For many developing cities the “smart city” is still a chimera. International technological models, whether idealised or unattainable, are somewhat at odds with the realities of urbanisation in countries of the Global South. However, be it applications for on-demand waste collection, participatory mapping of precarious neighbourhoods, incubators and informal fablabs, online citizen media, etc., the effects of digital technologies are particularly strongly felt in the ways private actors and individuals use them, outside the realm of public action. Digital tools provide opportunities to renew urban management and put it more in touch with on-the-ground realities. What is needed is a new way of running projects and local policies with and for digital tools so as to drive sustainable and inclusive urban development.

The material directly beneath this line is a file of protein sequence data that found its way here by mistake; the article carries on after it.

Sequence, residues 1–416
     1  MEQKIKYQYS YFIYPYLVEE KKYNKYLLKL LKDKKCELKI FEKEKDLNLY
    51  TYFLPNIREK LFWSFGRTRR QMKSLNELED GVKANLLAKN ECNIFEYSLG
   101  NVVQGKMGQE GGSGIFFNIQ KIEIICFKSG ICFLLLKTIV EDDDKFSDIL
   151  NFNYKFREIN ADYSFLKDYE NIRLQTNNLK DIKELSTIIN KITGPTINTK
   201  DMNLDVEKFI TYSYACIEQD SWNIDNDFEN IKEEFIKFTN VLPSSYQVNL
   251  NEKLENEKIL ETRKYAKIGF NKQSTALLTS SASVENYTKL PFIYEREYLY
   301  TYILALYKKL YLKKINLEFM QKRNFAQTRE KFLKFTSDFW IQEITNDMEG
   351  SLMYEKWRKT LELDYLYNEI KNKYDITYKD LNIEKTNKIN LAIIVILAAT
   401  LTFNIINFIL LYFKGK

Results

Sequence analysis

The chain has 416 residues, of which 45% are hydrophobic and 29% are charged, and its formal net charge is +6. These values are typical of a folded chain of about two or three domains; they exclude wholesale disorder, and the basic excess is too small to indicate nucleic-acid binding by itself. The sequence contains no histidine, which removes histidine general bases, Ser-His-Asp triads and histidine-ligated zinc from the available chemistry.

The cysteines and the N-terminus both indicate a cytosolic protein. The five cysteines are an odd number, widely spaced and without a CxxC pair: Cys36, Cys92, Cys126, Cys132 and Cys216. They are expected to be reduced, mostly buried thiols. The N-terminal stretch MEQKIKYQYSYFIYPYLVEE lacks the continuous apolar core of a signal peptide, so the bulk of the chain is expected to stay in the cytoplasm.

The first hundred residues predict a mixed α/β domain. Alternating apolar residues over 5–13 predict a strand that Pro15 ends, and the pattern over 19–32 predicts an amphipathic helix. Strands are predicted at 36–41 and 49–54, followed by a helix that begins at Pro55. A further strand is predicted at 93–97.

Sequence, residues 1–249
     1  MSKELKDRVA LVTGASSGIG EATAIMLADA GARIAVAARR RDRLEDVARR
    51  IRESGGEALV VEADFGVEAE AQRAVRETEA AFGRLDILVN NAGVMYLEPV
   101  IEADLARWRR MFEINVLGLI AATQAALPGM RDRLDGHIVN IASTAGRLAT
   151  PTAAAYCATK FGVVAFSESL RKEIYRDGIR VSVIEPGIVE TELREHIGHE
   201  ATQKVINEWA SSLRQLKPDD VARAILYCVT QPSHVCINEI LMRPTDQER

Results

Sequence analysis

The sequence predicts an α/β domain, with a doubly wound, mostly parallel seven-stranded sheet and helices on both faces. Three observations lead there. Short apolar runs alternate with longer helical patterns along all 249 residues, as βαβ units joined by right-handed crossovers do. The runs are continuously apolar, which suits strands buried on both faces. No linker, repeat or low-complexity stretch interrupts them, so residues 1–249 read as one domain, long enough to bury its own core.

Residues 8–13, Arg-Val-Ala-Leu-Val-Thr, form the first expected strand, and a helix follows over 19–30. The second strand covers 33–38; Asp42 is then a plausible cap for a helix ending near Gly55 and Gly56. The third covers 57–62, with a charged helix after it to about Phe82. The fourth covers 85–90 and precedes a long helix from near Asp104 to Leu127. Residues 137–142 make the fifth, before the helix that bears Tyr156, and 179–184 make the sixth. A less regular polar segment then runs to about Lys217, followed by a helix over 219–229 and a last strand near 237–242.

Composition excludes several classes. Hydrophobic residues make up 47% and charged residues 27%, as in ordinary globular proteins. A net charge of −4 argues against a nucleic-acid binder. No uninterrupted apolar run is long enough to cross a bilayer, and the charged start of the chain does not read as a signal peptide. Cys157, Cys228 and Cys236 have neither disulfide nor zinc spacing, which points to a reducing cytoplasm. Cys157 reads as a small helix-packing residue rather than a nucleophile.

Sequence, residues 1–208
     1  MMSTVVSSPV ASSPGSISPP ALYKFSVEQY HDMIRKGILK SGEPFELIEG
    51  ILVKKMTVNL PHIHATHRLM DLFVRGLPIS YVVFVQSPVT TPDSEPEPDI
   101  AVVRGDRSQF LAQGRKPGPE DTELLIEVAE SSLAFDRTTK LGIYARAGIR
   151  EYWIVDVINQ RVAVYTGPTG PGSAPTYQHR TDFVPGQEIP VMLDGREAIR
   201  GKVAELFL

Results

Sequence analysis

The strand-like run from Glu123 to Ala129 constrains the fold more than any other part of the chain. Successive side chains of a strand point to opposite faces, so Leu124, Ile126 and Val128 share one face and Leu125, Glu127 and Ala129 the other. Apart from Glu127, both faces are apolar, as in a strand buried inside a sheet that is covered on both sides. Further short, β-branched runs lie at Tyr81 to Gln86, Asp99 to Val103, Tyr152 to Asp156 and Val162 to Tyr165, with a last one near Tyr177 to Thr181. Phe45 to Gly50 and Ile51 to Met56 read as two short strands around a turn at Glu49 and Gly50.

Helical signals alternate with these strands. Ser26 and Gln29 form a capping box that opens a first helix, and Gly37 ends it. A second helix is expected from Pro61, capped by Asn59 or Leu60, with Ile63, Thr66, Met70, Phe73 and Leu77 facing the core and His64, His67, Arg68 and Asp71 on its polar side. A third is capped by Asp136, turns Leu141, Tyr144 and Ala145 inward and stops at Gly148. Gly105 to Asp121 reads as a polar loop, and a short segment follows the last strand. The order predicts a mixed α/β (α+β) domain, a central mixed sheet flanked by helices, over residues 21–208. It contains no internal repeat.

- The uses of digital technology by private actors and individuals, even on a relatively unregulated basis, must be considered as an opportunity and a resource to build on.
- Introducing digital tools into urban management is a transition process, and thus supposes managing human and institutional change, particularly for resource-strapped cities.
- The authorities must develop a strategy (objectives, resources, partnerships, etc.), applying a learning approach, so that digital tools become embedded in the local political culture and practices.
- Digital tools make it possible to acquire better knowledge of cities and thus better inform policy. It depends on and leads to greater transparency, collaboration and accountability, to which the authorities must be committed.
- The local authorities can use digital tools as a means of enhancing their legitimacy and capacity for action, with support from thematic networks, donors and through peer learning.